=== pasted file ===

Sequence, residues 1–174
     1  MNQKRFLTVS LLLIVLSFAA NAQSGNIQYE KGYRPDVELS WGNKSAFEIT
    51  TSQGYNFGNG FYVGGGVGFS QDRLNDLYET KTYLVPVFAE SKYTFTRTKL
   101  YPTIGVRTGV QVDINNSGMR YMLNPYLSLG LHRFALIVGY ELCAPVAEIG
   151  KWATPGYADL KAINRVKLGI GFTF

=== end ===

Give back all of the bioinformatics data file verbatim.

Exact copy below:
Sequence, residues 1–174
     1  MNQKRFLTVS LLLIVLSFAA NAQSGNIQYE KGYRPDVELS WGNKSAFEIT
    51  TSQGYNFGNG FYVGGGVGFS QDRLNDLYET KTYLVPVFAE SKYTFTRTKL
   101  YPTIGVRTGV QVDINNSGMR YMLNPYLSLG LHRFALIVGY ELCAPVAEIG
   151  KWATPGYADL KAINRVKLGI GFTF